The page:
Karl Marx was one of the most important thinkers of the 19th century. As one of the founders of Communism he predicted that workers world rebel against the owners of factories and take over the economy and the government themselves. In the 1900s Marx’s ideas influenced many Communist governments. In 1843 Marx married the daughter of a wealthy German baron. Marx tried to survive by writing articles for the New York Tribune and other newspapers. In London Marx founded the International Workingmen’s Association, a group that wanted to improve the life of the working class. During the Industrial Revolution many factory workers and miners in Germany, France and the United Kingdom did not get much money and had to live and work under bad conditions. In “Das Kapital” Marx argued that the working class produced more goods and services than they could ever use and on the other hand the owners of factories had more than they themselves produced. In the ancient world there were masters and slaves, in the Middle Ages lords and vassals, in the industrial world of the 19th century there were middle class owners and workers. People could not buy enough and factories would have to fire workers. Marx’s theories had a lot of influence in the Communist world. Slave = a person who is owned by a master and does work for him without getting paid.

Keywords: [“work”,”Marx”,”factory”]
Source: http://www.english-online.at/history/karl-marx/marx-thinker.htm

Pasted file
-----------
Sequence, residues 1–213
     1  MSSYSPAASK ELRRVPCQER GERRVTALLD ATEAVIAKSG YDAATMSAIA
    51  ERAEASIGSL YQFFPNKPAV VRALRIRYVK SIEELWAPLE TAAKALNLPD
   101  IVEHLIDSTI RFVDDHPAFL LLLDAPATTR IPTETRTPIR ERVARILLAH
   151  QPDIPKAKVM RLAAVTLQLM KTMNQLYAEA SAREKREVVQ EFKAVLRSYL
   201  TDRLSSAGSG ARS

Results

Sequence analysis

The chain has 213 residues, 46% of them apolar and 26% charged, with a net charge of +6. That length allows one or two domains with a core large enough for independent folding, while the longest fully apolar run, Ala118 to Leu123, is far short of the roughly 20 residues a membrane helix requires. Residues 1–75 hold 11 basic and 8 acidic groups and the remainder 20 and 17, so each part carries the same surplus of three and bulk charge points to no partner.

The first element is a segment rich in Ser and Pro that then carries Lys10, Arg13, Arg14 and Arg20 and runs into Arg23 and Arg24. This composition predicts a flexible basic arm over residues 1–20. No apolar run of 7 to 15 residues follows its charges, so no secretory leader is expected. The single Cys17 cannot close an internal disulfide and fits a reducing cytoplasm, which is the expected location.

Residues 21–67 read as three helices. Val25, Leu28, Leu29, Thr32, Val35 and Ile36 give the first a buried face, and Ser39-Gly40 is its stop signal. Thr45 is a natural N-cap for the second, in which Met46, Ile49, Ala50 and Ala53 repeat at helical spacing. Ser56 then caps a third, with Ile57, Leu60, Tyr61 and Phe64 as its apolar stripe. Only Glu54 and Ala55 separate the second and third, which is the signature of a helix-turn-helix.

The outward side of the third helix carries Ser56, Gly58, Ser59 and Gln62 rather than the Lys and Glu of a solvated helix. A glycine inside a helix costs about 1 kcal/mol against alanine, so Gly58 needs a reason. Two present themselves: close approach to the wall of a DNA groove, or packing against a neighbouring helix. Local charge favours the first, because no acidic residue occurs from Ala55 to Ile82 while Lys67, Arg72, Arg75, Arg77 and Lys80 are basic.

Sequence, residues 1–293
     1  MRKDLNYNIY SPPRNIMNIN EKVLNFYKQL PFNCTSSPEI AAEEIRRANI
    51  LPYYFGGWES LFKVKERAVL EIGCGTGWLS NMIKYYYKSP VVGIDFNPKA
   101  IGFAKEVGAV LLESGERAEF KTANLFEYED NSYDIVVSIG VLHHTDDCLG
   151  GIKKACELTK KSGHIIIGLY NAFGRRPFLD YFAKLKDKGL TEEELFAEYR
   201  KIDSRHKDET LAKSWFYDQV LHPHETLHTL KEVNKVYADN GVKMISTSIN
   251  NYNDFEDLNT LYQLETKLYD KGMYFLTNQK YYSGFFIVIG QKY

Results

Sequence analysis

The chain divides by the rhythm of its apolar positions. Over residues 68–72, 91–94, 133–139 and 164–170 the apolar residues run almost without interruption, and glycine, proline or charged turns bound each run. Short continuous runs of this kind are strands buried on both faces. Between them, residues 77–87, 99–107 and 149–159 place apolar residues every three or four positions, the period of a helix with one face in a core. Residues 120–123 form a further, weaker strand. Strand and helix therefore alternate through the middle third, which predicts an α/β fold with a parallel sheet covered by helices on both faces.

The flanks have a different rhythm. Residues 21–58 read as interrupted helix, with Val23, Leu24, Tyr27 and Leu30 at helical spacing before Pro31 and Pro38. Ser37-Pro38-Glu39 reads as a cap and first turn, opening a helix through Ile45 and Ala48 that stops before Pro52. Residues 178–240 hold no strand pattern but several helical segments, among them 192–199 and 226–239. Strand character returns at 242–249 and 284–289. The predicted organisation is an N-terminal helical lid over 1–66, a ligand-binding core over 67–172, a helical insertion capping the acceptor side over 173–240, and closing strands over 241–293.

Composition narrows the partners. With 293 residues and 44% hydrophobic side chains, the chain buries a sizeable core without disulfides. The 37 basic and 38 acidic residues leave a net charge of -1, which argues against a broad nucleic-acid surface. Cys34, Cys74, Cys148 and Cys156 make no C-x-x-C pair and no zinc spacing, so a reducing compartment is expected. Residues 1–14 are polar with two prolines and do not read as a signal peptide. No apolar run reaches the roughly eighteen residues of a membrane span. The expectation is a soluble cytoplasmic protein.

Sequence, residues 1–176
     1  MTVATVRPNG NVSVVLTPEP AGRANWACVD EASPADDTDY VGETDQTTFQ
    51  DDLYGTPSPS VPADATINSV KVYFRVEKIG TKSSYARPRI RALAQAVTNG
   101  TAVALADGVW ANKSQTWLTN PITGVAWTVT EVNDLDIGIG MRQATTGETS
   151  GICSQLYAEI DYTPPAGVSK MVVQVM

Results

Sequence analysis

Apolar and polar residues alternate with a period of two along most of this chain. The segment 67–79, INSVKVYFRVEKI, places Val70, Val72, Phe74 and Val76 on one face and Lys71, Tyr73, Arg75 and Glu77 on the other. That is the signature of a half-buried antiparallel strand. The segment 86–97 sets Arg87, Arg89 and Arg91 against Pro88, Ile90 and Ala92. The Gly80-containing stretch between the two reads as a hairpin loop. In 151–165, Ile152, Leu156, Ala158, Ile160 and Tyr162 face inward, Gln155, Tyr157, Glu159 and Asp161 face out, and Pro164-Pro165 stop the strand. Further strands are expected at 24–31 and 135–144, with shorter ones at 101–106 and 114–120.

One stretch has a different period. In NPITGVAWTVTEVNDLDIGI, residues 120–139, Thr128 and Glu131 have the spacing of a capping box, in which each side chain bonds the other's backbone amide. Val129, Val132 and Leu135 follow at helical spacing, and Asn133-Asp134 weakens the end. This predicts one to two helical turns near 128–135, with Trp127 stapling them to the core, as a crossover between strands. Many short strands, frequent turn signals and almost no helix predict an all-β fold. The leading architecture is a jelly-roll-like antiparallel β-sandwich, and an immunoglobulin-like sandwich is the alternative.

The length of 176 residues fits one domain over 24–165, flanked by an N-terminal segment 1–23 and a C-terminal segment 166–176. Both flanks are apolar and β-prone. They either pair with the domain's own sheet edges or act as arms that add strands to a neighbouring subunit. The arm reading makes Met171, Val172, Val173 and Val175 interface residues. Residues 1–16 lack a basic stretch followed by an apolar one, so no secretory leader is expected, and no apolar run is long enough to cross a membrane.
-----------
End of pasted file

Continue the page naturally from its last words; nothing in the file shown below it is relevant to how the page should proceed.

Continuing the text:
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Keywords: [“book”,”how”,”good”]
Source: http://didgo.de/…/a_force_for_good_how_enlightened_finance…capitalism.pdf

Age of Enlightenment

The Age of Enlightenment is a period in time, which coincides with the French Revolution, that people are starting to think differently than the accepted thinking. The common belief was that a government was a monarchy and everybody lived under absolute power. The Age of Enlightenment rejected these realities and substituted it with its own. The enlightenment version of a government focused around freedom, reason, and most importantly democracy. Enlightenment thinkers thought that these values would lead to and promote capitalism, rlogious freedom, and self-governing republics by democratical means. They also saw it necassary for philosophes to apply their knowledge and rationality to anything that needed to be changed. This type of thinking was exactally what the opressed people of France needed at the beginning of the revolution. These ideas came flooding in by people like John Locke and other philosophes of the time. Many of the aspects of the Age of Enlightenment also came across the ocean from America, where a democracy was set up. French troops from the American Revolution brought these ideas back with them after helping win American independence. These ideas inspired many French citizens and played an important role in the cause of the French Revolution.

Keywords: [“Enlightenment”,”think”,”French”]
Source: https://kev-proj.wikispaces.com/Age+of+Enlightenment

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Keywords: [“book”,”How”,”Capitalism”]
Source: http://sttato.de/a/force/a_force_for_good_how_enlightened…in_capitalism.pdf